Diplomatic relations were established between the USSR and Italy on Feb. 7, 1924, and a treaty on trade and navigation was signed the same day. The treaty was preceded by a preliminary agreement of Dec. 26, 1921, which signified Italy’s de facto recognition of the Soviet Union. The treaty on friendship, nonaggression, and neutrality, signed on Sept. 2, 1933, remained formally in effect until June 22, 1941, when fascist Italy declared war on the USSR. After Italy signed the act of surrender (Sept. 29, 1943), the Moscow Three Power Conference (Oct. 19–30, 1943) adopted the Declaration on Italy, which expounded the major policy principles with respect to Italy. The USSR was the first of the great powers to restore diplomatic relations with Italy (Oct. 25, 1944).
After the signing of the peace treaty with Italy (Feb. 10, 1947), the two countries concluded a treaty on trade and navigation (Dec. 11, 1948), a cultural agreement (Feb. 9, 1960), agreements on cooperation in the peaceful use of atomic energy (Oct. 22, 1965) and on economic, scientific, and technical cooperation, which provided for the setting up of a joint commission (Apr. 23, 1966), and a general agreement between the Ministry of Foreign Trade of the USSR and the Fiat Company on building a plant in the USSR for the manufacture of passenger cars (Aug. 15, 1966).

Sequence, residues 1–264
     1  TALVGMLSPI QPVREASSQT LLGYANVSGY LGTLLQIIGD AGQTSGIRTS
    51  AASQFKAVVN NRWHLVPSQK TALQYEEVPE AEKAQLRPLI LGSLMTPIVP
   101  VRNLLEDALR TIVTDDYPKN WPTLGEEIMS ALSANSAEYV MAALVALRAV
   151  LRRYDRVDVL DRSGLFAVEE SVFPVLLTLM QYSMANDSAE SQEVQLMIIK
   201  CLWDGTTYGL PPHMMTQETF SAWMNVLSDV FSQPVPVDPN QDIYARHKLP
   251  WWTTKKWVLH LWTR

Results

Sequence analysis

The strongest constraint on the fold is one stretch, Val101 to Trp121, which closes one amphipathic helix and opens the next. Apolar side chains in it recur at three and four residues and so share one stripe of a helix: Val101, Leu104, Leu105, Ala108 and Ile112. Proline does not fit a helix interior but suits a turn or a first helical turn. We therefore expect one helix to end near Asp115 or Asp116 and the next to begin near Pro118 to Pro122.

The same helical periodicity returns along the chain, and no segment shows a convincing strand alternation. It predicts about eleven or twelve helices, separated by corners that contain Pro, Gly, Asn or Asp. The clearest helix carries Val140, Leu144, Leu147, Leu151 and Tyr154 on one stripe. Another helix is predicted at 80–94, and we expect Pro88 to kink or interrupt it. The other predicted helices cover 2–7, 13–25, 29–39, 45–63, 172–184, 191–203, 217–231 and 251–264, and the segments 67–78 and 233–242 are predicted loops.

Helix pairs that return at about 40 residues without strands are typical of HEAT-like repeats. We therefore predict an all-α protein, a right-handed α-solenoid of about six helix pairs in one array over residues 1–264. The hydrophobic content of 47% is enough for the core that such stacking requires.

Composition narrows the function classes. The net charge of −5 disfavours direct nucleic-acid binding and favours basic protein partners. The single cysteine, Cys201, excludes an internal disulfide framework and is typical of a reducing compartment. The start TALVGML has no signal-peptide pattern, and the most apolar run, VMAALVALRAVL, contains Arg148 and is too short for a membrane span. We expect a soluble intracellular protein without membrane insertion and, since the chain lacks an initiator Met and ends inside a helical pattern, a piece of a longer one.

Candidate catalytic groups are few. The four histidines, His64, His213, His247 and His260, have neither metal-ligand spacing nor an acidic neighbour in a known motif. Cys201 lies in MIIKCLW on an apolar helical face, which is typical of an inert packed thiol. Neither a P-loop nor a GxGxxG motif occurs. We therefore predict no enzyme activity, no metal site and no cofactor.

A joint communique of Jan. 31, 1967, noted that there had been considerable development in Soviet-Italian relations. Pursuant to the communique the countries concluded a consular convention (May 16, 1967) and agreements on cooperation in tourism (May 16, 1967), on cooperation in agricultural research (Sept. 15, 1967), on air transportation (Mar. 10, 1969), on deliveries of Soviet natural gas to Italy and of Italian pipes and equipment for the gas industry of the USSR (Dec. 10, 1969), and on long-term trade (Jan. 15, 1970).
The countries concluded a protocol on consultations (Oct. 26, 1972), which reaffirmed the accord on more intensive regular Soviet-Italian consultations on major international questions of bilateral relations. In addition, they signed a treaty on marine transportation (Oct. 26, 1972), an agreement on scientific and technical cooperation (Feb. 21, 1974), a protocol on mutual consular institutions (Feb. 21, 1974), and an agreement on the development of economic, industrial, and technical cooperation for a ten-year period (July 25, 1974). The countries concluded a supplementary protocol to the 1974 agreement on scientific and technical cooperation to provide for cooperation on the environment (June 27, 1975).
A joint declaration of Nov. 20, 1975, reaffirmed the parties’ intention to expand bilateral relations. An agreement on economic cooperation for the period 1975–79 was concluded on Nov. 20, 1975.
L. I. DALMATOVA